Top Gear presenter James May appears to be struggling with his new-found free time
Arts and Entertainment
Kendrick Lamar at the Made in America Festival in Los Angeles last summer
Arts and Entertainment
'Marley & Me' with Jennifer Aniston and Owen Wilson
Arts and Entertainment
Jon Hamm (right) and John Slattery in the final series of Mad Men
Arts and Entertainment
Arts and Entertainment
Place Blanche, Paris, 1961, shot by Christer Strömholm
photographyHow the famous camera transformed photography for ever
Arts and Entertainment
The ‘Westmacott Athlete’
Arts and Entertainment
‘The Royals’ – a ‘twisted, soapy take on England’s first family’
tv Some of the characters appear to have clear real-life counterparts
Brooks is among a dozen show-business professionals ever to have achieved Egot status
Arts and Entertainment
A cut above: Sean Penn is outclassed by Mark Rylance in The Gunman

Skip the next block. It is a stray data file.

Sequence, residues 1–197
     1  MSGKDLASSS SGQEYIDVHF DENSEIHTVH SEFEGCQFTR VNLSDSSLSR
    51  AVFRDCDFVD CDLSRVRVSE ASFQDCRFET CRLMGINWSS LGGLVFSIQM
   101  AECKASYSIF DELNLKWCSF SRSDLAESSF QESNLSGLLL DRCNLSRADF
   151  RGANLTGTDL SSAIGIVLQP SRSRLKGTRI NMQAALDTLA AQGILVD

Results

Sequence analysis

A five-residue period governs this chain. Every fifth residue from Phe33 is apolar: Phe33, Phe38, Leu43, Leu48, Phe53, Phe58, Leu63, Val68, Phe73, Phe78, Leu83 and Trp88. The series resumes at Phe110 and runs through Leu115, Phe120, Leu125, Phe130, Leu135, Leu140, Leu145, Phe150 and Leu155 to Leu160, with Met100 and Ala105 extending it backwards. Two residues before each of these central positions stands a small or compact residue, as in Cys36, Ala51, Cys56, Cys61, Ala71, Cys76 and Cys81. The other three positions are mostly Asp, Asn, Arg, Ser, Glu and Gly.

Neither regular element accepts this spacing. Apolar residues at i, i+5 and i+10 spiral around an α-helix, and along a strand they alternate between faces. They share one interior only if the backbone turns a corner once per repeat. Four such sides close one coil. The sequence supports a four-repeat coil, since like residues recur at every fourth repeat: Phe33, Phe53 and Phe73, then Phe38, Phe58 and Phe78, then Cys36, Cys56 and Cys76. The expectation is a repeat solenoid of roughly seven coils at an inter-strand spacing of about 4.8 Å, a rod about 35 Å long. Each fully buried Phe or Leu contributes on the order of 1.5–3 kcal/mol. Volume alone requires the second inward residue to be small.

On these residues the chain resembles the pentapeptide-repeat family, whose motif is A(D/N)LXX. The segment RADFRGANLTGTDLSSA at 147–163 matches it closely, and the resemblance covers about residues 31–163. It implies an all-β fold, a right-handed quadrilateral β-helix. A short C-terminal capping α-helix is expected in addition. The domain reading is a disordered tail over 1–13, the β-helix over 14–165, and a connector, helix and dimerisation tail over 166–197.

film review
Arts and Entertainment
arts + ents
Arts and Entertainment
James Franco and Zachary Quinto in I Am Michael

Film review Michael Glatze biopic isn't about a self-hating gay man gone straight

Arts and Entertainment
A scene from the movie 'Get Hard'
tvWill Ferrell’s new film Get Hard receives its first reviews
Arts and Entertainment
Left to right: David Cameron (Mark Dexter), Nick Clegg (Bertie Carvel) and Gordon Brown (Ian Grieve)
tvReview: Ian Grieve gets another chance to play Gordon Brown... this is the kinder version
Arts and Entertainment
Benedict Cumberbatch and Martin Freeman in the first look picture from next year's Sherlock special

Arts and Entertainment
Because it wouldn’t be Glastonbury without people kicking off about the headline acts, a petition has already been launched to stop Kanye West performing on the Saturday night

Arts and Entertainment
Molly Risker, Helen Monks, Caden-Ellis Wall, Rebekah Staton, Erin Freeman, Philip Jackson and Alexa Davies in ‘Raised by Wolves’

TV review
  • Get to the point
Latest stories from i100
Have you tried new the Independent Digital Edition apps?

ES Rentals

    Independent Dating

    By clicking 'Search' you